Storm advice for underground tank owners

Colin Long, Petroleum Editor
Colin Long, Petroleum Editor

Things to be aware of for underground fuel tanks on the east coast of the Australian mainland and Tasmania.

As a result of the heavy rains and flooding there will be concerns about water ingress into underground fuel storage tanks.

A correct installation and proper system maintenance under the sites Environmental Protection Plan will not allow water to ingress underground tanks.

In the case of the floods, tanks should be ok as long as the Vent Pipe terminals were not underwater. If the vents were underwater and water has entered the tanks in this manner then the majority of the fuel will be contaminated. Fuel company experts will be looking into means of dealing with this on an individual site inspection basis.

The filling point of an underground tank is usually an 80mm or 100mm ‘Tight Fill’ fitting which is secured with a ‘Tight Fill’ cap and rubberised gasket. Properly fitted no liquid can pass the fitting.

In some cases tanks still have direct fill which consists of a Brass Cap and Body sealed to a galvanised pipe riser. Again these are secured with a leather gasket seal. Provided the seal is in place as it should be then no water can pass into the tank. A similar scenario applies to the Dip Point.

Normally a 40mm or 50mm Brass Body and Cap with a leather seal. In New South Wales, Stage One and Two Vapour Recovery systems have check valves that will not allow water to pass into the tank. Likewise the delivery or suction line under the pump/dispenser is attached to the tank at a one-way valve that will not allow liquid to flow back into the tank.

So your underground tanks should have survived the rains without any water ingress. However if your Fill and Dip Points haven’t been maintained and gaskets and seals are missing then there is a high probability of water entering tanks via this channel. Owner/Operators should dip all of their tanks using water detection paste immediately to avoid costly vehicle repairs if water is pumped into vehicles.

The fuel pickup point inside a tank is usually set between 80 and 100 mm off the bottom of the tank to avoid picking up sludge and grit that sometimes occurs inside tanks, but don’t think that if the amount of water is less than 80mm it will not pick it up as a good strong pump, especially submersibles, will create a vortex that will easily suck up water from 100mm away.

The only answer is to remove the water immediately and continue to monitor the water level. Replace all gaskets and seals and keep fill and dip points locked. Have your Qualified Fuel Contractor pump out the (contaminated) water for legal disposal. Don’t attempt this yourself unless you have the correct equipment, a Trade Waste Licence and a working oily/waste separator.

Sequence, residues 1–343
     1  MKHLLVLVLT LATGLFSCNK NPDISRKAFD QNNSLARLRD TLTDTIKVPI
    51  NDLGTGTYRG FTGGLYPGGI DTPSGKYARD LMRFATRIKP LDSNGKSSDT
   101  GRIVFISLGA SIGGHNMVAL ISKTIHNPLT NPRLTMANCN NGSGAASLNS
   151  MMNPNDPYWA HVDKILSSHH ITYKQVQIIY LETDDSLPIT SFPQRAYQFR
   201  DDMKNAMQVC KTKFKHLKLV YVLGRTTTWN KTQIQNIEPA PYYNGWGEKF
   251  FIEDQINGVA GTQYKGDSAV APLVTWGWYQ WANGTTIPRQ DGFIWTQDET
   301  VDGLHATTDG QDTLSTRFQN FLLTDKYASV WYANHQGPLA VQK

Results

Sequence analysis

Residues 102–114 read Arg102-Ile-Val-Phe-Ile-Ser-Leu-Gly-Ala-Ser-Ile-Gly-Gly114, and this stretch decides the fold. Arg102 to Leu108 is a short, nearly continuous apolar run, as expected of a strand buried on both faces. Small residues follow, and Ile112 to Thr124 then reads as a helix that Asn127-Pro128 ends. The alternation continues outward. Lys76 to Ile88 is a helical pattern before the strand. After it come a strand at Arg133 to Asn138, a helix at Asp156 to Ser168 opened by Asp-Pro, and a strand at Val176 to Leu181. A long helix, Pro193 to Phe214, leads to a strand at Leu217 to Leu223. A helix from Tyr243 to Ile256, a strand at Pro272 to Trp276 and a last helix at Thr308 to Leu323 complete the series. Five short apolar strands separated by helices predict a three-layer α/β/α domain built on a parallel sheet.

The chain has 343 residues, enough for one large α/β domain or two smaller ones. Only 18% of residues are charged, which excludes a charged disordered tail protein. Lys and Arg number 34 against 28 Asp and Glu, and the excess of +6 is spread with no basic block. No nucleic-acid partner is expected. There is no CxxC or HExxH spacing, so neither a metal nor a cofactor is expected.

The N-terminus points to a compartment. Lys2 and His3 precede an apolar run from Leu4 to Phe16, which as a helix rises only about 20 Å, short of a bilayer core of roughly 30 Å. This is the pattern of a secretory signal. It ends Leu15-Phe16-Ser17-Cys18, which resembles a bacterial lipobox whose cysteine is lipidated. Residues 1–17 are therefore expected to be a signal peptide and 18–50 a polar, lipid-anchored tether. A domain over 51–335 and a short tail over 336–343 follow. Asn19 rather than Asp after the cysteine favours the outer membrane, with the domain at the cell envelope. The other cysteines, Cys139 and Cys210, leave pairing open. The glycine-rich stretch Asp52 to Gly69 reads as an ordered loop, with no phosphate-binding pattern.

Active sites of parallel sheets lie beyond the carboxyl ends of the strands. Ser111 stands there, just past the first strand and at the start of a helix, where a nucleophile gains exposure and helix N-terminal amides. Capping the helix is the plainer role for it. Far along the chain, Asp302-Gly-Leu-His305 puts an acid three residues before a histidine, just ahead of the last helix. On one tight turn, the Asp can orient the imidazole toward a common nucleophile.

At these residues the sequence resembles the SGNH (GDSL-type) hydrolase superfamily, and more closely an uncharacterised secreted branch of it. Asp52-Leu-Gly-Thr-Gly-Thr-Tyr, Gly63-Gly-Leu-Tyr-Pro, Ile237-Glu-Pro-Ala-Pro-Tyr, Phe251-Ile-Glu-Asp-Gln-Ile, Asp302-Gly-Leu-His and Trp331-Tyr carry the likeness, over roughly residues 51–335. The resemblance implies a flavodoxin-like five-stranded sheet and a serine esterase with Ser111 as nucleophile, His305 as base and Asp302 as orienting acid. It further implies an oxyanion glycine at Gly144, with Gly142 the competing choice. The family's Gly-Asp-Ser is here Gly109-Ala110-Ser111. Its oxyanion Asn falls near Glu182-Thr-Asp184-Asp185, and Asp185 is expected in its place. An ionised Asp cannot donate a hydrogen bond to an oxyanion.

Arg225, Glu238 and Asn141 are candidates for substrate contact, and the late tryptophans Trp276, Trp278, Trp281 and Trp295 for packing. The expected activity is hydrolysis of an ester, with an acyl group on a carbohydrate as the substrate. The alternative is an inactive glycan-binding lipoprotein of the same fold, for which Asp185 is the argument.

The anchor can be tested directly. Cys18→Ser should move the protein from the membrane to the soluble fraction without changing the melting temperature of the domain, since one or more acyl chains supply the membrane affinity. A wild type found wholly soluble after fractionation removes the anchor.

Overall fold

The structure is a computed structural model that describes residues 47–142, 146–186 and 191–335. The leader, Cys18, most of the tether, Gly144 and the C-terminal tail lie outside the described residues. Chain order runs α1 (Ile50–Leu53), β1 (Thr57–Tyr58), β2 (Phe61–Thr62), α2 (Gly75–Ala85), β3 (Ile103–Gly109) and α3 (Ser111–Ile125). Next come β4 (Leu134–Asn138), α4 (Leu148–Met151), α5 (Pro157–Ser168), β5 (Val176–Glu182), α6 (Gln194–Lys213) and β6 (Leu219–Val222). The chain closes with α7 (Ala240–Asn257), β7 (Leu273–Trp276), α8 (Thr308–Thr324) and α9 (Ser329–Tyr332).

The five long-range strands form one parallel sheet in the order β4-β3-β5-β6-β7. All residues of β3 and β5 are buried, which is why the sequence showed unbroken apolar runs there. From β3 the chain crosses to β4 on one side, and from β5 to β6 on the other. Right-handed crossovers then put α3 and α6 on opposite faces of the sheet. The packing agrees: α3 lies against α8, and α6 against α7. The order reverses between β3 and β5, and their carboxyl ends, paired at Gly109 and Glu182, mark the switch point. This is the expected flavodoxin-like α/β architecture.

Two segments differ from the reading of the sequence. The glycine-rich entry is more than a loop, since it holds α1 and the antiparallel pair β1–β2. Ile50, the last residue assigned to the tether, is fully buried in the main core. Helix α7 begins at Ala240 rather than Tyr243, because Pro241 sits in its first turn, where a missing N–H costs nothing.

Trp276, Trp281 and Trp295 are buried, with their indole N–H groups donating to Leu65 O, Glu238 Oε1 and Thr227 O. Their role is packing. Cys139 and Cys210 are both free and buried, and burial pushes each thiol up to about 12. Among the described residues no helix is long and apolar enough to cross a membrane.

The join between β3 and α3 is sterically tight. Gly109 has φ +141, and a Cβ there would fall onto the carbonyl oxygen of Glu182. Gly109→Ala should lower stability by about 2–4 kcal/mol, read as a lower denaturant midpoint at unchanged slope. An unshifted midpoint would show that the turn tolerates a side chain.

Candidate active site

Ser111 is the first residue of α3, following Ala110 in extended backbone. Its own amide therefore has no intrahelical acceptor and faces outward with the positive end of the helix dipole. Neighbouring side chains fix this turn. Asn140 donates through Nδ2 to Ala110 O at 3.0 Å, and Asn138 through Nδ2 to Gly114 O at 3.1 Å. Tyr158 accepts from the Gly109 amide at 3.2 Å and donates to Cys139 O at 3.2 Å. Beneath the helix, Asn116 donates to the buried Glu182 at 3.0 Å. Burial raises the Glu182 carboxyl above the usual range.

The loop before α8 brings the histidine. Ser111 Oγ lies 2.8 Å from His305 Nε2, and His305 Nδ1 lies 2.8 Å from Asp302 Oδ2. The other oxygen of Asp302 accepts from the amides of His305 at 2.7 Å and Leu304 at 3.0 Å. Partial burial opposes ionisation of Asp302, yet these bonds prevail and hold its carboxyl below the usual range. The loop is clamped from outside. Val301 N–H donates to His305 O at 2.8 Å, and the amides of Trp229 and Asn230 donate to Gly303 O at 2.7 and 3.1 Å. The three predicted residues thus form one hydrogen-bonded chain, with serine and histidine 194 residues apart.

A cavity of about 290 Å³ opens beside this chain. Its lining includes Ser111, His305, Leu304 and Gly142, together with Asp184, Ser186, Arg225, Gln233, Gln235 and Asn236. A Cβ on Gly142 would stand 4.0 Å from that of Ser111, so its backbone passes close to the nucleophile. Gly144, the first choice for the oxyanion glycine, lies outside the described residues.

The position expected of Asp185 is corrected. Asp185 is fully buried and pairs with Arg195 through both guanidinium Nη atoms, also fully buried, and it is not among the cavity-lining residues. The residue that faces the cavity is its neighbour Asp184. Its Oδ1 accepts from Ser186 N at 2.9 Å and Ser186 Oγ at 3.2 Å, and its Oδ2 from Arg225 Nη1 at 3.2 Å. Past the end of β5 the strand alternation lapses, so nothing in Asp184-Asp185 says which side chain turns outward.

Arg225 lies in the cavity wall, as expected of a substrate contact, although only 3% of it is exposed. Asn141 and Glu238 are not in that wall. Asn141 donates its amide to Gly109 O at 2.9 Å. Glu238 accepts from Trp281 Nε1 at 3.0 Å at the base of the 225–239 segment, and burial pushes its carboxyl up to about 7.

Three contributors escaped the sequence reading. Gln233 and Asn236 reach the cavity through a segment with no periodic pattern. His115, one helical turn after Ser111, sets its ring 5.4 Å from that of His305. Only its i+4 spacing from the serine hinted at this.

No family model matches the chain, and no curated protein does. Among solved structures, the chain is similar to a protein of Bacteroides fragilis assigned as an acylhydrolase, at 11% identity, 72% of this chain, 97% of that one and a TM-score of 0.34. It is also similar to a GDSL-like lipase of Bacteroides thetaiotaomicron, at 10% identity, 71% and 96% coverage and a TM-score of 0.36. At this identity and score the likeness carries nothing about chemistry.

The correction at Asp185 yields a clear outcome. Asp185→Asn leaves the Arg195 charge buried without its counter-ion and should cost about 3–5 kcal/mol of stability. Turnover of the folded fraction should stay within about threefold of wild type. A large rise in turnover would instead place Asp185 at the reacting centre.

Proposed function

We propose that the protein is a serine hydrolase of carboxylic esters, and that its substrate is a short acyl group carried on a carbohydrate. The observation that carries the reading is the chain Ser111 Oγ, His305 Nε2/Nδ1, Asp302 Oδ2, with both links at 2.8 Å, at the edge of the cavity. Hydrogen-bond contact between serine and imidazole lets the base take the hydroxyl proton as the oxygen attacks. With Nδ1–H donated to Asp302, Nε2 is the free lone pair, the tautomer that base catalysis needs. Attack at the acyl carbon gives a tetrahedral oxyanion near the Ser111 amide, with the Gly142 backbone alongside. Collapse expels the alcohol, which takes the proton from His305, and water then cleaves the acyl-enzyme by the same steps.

For unleaded and diesel product the water will settle to the bottom and you should not lose very much product. Expect to lose some unleaded as water will emulsify with it and a greater amount needs to be removed to ensure you have all water out), diesel separates completely.

Ethanol where stored at service stations: – The industry is well aware that ethanol and water simply do not mix. Ethanol requires a different type of Water Detection paste (available from MTA Products’/Stationery) and you should be checking this regularly. Your wet stock inventory of E10 is so important that this should be checked weekly. If you have any water in your ethanol tanks then the chances are that ‘phase separation’ has occurred and the entire contents of your underground tank would be jeopardised. Contact your fuel supplier for expert assistance in this regard.

A possible by-product of ever flooding could be the movement of underground tanks. Tanks that perhaps were not as full as usual present a much more buoyant vessel. The tank cavity, filled with sand or gravel becomes waterlogged which increases the uplift on the tank and the potential for the tank to surface like a submarine. Once flood waters have receded to a safe level check that the Dip Point is still in its normal position and hasn’t tilted or raised in the ground box, check that concrete slabs or bitumen cover haven’t risen. “Re-positioned” tanks could mean broken pipework; if in doubt have it checked out properly by your qualified fuel contractor.

Finally but most importantly, don’t turn pumps or consoles on electrically until your hazardous areas electrical tradesman has thoroughly checked and cleaned all of the electrical and communication components in your pumps and compressors and not forgetting signboards and site lighting.

Petroleum Editor Colin Long thanks Petrolink Engineering Pty Ltd for their input on this issue. Find them in C&I Supply-Find.  

1 thought on “Storm advice for underground tank owners”

  1. I want to get an underground water tank. Thanks for the advice about how tanks moved in floods could mean broken pipes. I’ll have to make sure to find a way to better secure the water tank.

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